Written by Cheyenne Bingham
The first child I tried to work with during Homework Club spurned my quiet request to help him with his math homework. He glanced over at me suspiciously before slowly wrapping his arms around his homework, sinking over it like I had spied on something secret. Embarrassment burned through me, and I awkwardly walked back to the library, my usual hiding spot.
Before this, I had never worked with children before, not in any capacity. As the youngest child in my family, I was quiet, shy, and deeply introverted. The children of Villa Garcia, though friendly, were very daunting to me. The things they said and laughed at didn’t make sense, and I had a hard time asking if they needed any help.
Only 15 hours, I reminded myself. That was all I needed to pass my college course. Only 15 hours of volunteering. In 2012, badminton was all the rage with the kids of Villa Garcia. For a long stretch of time, we had enough adults to split up our students. I was one of them. The ones who had finished their homework could go outside and play badminton under the watchful eye of one staff and one adult volunteer. The rest would be supervised inside of the community by another staff and another adult volunteer.
One Thursday afternoon, one specific child was especially looking forward to this. He asked the coordinator about it twice before snack. Then, unexpectedly, our fourth adult got an emergency phone call and had to duck out. With only three adults on-site, we could not break up into groups. There would be no badminton match that day. Disappointed, the coordinator broke the news to the homework club. It was met with resigned groans and grumbling from the kids. But it was also met with a deeply saddened little boy. The child who’d eagerly asked about it just 20 minutes before stood alone in the middle of the room, shoulders hunched and eyes fixed on the ground. A silent tear ran down his face. When you’re five, disappointment is hard to swallow.
This child’s quiet devastation did not go unnoticed. Other children jumped up from their seats, immediately swarming him. They hugged him and patted his hair, promising that they would try again tomorrow. They tried making him laugh with silly jokes. They tried enticing him with board games. When none of that worked, they looked to each other and started firing out solutions over his bowed head.
“Can’t we just be supervised by one adult?” they asked. No, we told them. We explained it was for safety reasons.
“We can be safe,” they argued indignantly. We disagreed, memories of splinters, scraps, paper cuts, and bee stings dancing in our heads.
Undeterred, they went at it from a different angle. “How many kids had homework left?” they asked the rest of the room. Only three students raised their hands. “Couldn’t they finish outside while everyone else plays?”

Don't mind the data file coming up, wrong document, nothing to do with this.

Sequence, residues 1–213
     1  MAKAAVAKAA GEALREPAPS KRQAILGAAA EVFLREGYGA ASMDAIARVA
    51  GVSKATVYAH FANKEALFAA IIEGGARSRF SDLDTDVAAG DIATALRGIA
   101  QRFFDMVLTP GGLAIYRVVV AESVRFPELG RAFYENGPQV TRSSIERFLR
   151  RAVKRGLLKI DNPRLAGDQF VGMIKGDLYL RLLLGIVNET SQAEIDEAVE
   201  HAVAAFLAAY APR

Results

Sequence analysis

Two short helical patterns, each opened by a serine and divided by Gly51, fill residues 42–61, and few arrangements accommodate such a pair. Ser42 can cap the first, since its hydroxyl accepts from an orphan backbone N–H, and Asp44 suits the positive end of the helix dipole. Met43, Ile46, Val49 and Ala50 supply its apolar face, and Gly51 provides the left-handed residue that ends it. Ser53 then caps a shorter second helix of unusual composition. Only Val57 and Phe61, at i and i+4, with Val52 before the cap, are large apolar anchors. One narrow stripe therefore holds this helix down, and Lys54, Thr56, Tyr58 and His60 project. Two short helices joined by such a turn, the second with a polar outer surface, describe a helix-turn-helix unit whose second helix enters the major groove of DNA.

That wasn’t fair to them, we reminded the kids. The community room had tables and supplies. If they finished homework outside, they needed to bring everything with them, and they would have to finish their assignments in their laps.
“But are they willing?” the kids asked.
Surprisingly, they were. The remaining students with homework even went as far to eagerly prove to us how little homework they had left. A worksheet here, a reading assignment there–in the face of such a united effort, we adults hesitated.
5 minutes later (and armed with our ubiquitous first aid backpack), we marched outside to the small patch of grass between two buildings. The net was quickly set up and the kids were split into teams. For one devastated child, it was like the last ten minutes had been easily erased. The game began, supervised and refereed by my coordinator. The children played joyously, giddy and laughing until program was over. As for me, I didn’t understand badminton. While they played, I sat down on the grass and helped a preteen through the rest of her algebra homework, my mind buzzing with all that had happened that afternoon.
There was a lot I didn’t know back then in 2012. First of all, I didn’t know I would eventually volunteer for 200 hours—well over my required 15. I didn’t know I would graduate from volunteer to intern to Children Services Assistant in just over a year, or that I would eventually move on within the company to grant writing.
I didn’t know the first child who refused my help has most contagious laughter I have ever heard, or that the upset five year would grow up to become a very polite and kind young man who always offers to help out. I didn’t know that I myself would become part of the Villa Garcia community, or that I would be greeted with hugs and invited to things like graduations, choir performances, and family events.
What I did know in 2012 was that the place that allowed such a strong, loving, and mutually supportive community grow was definitely a place I wanted to work at.
In 2020, I still don’t understand badminton, but because of what I saw at Villa Garcia, I do understand Many Mansions. Many Mansions provides housing. But Many Mansions also provides hope through services, resources, and opportunity. It creates safe spaces for residents to learn, grow, and bond with each other, developing a community. Many Mansions provides quality housing that residents can be proud of and services that support and uplift every participant.
I am proud of Many Mansions, and I am proud of the kids of Villa Garcia. To me, Villa Garcia will always be a shining example of what we mean when we say hope and housing.